Mithra: He’s a popular parallel. But he was born of a rock, not a virgin. Moreover, the cult of Mithra in the Roman Empire dates to after the time of Christ, so any dependence is Mithraism on Christianity and not the other way around.

You get the drift. The so-called parallels always occur well after the life in question, well into the Christian era, and they are not really stories of virginal conceptions.

Does it Really Matter?

But even for those who believe in the virgin birth, some question whether the doctrine is really that important. The answer is a resounding “Yes!”

First, the virgin birth is essential to Christianity because it has been essential to Christianity.

That may sound like weak reasoning, but only if we care nothing about the history and universality of the church. Granted, the church can get things wrong, sometimes even for a long time. But if Christians, of all stripes in all places, have professed belief in the virgin birth for two millennia, maybe we should be slow to discount it as inconsequential.

Second, the Gospel writers clearly affirmed the Biblical truth that Mary was a virgin when Jesus was conceived.

We don’t know precisely how the Christ child came to be in Mary’s womb, except that the conception was “from the Holy Spirit” (Matthew 1:20). But we do know that Mary understood the miraculous nature of this conception, having asked the angel “How will this be, since I am a virgin?” (Luke 1:34). The Gospels do not present the virgin birth as some prehistoric myth or pagan copycat, but as “an orderly account” of actual history from eyewitnesses (Luke 1:1-4). If the virgin birth is false, the historical reliability of the Gospels is seriously undermined.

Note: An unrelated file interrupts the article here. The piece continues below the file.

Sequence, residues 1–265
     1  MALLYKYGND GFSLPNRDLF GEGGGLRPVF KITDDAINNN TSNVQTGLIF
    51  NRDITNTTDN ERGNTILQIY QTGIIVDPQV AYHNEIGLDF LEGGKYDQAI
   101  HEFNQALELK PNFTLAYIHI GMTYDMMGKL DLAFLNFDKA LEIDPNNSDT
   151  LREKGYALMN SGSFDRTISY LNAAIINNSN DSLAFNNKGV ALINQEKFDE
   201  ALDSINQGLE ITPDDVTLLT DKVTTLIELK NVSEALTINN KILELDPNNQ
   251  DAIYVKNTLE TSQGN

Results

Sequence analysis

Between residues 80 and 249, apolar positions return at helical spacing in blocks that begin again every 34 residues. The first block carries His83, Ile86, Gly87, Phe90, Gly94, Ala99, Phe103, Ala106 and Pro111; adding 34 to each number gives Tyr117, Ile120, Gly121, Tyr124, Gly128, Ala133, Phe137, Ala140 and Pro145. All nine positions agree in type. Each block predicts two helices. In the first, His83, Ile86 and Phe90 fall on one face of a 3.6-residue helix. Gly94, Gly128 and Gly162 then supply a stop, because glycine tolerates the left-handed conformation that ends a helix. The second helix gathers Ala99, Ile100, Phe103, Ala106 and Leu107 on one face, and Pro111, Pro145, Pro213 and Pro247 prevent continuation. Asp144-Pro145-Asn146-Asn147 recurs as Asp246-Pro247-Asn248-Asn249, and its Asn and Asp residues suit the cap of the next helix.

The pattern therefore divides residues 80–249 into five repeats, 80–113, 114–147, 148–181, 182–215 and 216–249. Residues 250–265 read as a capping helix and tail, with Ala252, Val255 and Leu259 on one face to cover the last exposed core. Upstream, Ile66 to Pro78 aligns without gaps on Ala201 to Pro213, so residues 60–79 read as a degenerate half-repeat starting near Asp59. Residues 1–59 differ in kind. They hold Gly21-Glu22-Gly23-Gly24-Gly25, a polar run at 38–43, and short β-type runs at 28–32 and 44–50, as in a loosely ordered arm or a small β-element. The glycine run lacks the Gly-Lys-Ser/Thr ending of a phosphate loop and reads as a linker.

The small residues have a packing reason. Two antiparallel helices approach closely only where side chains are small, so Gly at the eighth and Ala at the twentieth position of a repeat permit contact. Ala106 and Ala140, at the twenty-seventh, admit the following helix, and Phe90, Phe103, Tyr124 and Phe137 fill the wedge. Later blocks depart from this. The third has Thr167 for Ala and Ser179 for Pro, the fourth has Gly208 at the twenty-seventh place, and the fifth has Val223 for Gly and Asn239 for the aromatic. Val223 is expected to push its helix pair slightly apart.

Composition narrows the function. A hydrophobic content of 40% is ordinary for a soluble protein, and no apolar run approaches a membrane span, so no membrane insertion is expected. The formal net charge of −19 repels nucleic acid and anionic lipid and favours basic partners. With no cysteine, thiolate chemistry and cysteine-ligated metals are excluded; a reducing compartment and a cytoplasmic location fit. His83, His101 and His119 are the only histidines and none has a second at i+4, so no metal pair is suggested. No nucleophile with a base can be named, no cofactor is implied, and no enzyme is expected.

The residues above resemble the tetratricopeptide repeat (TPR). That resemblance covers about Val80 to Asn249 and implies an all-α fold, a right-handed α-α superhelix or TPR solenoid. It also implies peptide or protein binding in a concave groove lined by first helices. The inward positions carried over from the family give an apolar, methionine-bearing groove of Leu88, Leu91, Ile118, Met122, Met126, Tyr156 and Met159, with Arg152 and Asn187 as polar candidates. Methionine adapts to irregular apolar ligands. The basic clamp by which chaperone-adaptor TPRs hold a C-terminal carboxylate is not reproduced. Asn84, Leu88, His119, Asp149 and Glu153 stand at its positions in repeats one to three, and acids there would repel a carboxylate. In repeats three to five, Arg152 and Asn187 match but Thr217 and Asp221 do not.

Third, the virgin birth shows that Jesus was truly human and truly divine.

How can the virgin birth be inconsequential when it establishes the identity of our Lord and Savior? If Jesus had not been born of a human, we could not believe in His full humanity. But if His birth were like any other human birth—through the union of a man and woman—we would question His full divinity. The virgin birth is necessary to secure both a real human nature and also a completely divine nature.

Fourth, the virgin birth is essential because it means Jesus did not inherit the curse of depravity that clings to Adam’s race.

Jesus was made like us in every way except for sin (Hebrews 4:15; 7:26-27). Every human father begets a son or daughter with his sin nature. We may not understand completely how this works, but this is the way of the world after the fall. Sinners beget sinners (Psalm 51:5). Always.

So if Joseph was the real father of Jesus, or if Mary was sleeping around, Jesus is not spotless, not innocent, not perfectly holy. And as a result, we have no mediator, no imputation of (because He has no righteousness to impute to us) and no salvation.

Yes, the virgin birth is essential. ©2017 BGEA

This material is partially derived from The Good News You Almost Forgot ©2010 Kevin DeYoung. Used by Permission of Moody Publishers. DeYoung is senior pastor of Christ Covenant Church in Matthews, N.C.

Scripture quotations are taken from The Holy Bible, English Standard Version.